Mr Akin Olusuyi, Managing Director of Oluji Cocoa Products Ltd, while explaining the challenges to The Guardian, corroborated the facts from the association, saying the volume of the global cocoa trade is estimated at $140 billion annually, but only about 5% of that comes to Africa, even though Africa produces over 70% of the global annual output.

He said: “The point here is that the wealth accruable lies somewhere beyond production volume. Some of us are really concerned because those who benefit more from cocoa are not the farmers or the regions that grow this commodity. The question is: why is this so?

Cocoa pods

Olusuyi said “The reasons are straight forward. The global cocoa trade is controlled outside the borders of the growers. The major players have sold the idea that we are better off remaining as providers of raw materials to feed their factories and should be contented with remaining on the fringes and the rent taking that goes with that as it were.

“While they are building industries around our cocoa and growing their economies, we remain in the same low end we have been occupying in the global value chain since 1910, when the first batch of cocoa was shipped out of Nigeria.”

Nigeria lost $100 billion in 10 years
In another development, the Food and Agricultural Organisation (FAO) of the United Nations (UN) has disclosed that the country has lost over $100 billion since 2008 over its inability to produce, process and export additional cocoa beans, palm oil, groundnuts and cotton.

“It is estimated that Nigeria has lost $10 billion in annual export opportunity from groundnut, palm oil, cocoa and cotton alone due to continuous decline in the production of those commodities.

“Food (crop) production increases have not kept pace with population growth, resulting in rising food imports and declining levels of national food self-sufficiency,” the FAO report said.

The main factors undermining production include reliance on rain-fed agriculture, smallholder land holding, and low productivity due to poor planting material, low fertiliser application, and a weak agricultural extension system, among others.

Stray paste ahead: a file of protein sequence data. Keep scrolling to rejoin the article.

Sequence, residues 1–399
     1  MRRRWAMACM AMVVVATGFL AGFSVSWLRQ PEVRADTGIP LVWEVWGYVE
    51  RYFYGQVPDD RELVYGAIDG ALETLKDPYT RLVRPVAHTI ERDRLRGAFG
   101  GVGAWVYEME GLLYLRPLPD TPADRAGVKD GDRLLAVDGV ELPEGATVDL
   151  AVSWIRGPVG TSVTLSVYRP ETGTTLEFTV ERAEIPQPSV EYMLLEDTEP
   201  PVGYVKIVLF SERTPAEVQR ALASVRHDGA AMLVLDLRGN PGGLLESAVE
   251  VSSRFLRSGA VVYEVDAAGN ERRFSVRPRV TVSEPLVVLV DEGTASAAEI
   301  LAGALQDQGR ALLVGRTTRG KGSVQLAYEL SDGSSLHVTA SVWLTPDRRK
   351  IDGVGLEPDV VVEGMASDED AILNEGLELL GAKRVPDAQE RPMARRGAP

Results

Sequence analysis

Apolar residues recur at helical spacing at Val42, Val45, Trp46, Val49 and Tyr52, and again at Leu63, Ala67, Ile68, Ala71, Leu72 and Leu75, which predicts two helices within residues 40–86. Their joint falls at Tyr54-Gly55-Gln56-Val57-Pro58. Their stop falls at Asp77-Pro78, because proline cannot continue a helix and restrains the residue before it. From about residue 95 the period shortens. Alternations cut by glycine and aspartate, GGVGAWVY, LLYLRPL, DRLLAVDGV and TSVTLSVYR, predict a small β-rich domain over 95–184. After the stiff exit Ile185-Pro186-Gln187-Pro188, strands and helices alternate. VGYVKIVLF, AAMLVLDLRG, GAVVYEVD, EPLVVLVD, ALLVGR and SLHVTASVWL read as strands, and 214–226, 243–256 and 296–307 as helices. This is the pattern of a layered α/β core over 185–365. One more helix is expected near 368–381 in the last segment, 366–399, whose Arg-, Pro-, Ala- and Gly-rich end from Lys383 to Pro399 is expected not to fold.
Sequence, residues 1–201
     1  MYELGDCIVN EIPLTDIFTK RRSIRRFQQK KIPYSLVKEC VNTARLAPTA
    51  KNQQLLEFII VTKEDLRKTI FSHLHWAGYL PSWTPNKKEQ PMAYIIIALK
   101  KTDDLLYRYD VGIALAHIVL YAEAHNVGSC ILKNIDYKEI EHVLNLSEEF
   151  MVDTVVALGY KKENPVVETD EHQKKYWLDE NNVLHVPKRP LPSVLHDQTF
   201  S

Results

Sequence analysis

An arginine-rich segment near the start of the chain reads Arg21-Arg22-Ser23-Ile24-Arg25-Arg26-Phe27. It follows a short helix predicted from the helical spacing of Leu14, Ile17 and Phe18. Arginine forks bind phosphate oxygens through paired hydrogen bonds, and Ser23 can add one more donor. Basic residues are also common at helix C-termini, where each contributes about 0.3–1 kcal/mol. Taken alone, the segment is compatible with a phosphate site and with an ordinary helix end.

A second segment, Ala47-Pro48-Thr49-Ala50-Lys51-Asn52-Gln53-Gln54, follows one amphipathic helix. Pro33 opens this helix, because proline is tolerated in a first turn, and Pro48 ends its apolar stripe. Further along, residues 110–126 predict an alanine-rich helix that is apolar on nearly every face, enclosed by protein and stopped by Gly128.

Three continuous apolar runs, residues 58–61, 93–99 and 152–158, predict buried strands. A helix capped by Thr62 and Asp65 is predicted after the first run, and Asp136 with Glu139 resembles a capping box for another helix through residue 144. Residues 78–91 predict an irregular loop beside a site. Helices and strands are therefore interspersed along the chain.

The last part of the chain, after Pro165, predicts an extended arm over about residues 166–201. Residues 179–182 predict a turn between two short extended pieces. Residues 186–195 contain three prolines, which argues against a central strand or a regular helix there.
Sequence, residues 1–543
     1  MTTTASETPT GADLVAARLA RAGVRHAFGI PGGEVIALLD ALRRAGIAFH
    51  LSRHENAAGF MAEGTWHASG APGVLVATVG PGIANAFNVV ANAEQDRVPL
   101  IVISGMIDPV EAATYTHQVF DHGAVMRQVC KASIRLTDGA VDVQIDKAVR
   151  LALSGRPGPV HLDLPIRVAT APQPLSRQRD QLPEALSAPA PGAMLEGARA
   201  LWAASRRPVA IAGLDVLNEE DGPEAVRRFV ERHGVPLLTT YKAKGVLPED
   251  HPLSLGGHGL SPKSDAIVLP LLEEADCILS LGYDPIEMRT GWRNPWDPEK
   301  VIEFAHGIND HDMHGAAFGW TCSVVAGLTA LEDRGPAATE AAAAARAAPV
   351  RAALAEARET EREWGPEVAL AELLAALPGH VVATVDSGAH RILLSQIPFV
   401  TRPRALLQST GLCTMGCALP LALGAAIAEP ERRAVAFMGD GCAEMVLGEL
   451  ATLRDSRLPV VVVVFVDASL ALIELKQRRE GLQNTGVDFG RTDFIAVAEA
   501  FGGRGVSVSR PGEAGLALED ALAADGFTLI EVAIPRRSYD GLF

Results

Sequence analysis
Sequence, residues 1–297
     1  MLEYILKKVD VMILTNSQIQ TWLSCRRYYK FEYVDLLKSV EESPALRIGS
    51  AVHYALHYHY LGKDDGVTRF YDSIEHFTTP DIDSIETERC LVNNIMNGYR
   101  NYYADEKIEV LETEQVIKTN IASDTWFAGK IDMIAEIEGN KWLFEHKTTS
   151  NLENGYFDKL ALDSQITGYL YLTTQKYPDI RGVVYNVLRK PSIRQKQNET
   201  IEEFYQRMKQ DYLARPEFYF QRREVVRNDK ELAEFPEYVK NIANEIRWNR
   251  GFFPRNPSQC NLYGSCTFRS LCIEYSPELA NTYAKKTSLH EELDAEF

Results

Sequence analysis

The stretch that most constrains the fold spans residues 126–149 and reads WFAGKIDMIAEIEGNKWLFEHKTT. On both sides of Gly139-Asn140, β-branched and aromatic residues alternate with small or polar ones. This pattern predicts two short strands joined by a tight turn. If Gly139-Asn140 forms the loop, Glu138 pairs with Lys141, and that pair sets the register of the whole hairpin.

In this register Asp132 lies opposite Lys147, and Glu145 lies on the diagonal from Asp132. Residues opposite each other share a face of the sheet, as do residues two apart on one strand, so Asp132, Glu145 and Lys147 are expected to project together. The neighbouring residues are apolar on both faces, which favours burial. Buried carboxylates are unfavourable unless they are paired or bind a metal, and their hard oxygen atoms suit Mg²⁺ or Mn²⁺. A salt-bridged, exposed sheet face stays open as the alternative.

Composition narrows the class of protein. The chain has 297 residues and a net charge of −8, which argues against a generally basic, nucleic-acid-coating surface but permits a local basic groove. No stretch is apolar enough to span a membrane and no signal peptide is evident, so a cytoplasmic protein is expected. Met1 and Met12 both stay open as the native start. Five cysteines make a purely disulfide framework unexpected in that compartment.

The Agricultural Transformation Agenda (ATA), which the present Muhammadu Buhari-led government promised would be continued, set a cocoa productivity goal to double cocoa production in Nigeria from 250,000 in 2011 to 500,000 metric tonnes by 2015, but industry players claim the production has not improved.

Former Executive Director of the Cocoa Research Institute of Nigeria (CRIN), Professor Malachy Akoroda, said the goal was not backed up with sincere actions, describing the goal as far from realities.

National output of cocoa will increase from 230,000mt to 714,000mt. This will be accomplished by increasing planted land area from the current 657,143ha to 905,000ha.

As part of the private sector-led solutions to the challenges of the industry, the association says it has been working to increase cocoa beans per hectare from 350kg to 789kg.

“The average cocoa farmer who has about 2.5 hectares who normally produces an output of 875kg and earn a gross revenue of N525,000 will now produce an output of 1,625kg and earn a more reasonable gross revenue of N975,000.

“The plan has interventions directed at providing support to cocoa farmers who want to establish new plantations or introduce complementary enterprises into his farm business for income generation opportunities,” the cocoa association revealed.

In this article:
cocoaSayina Riman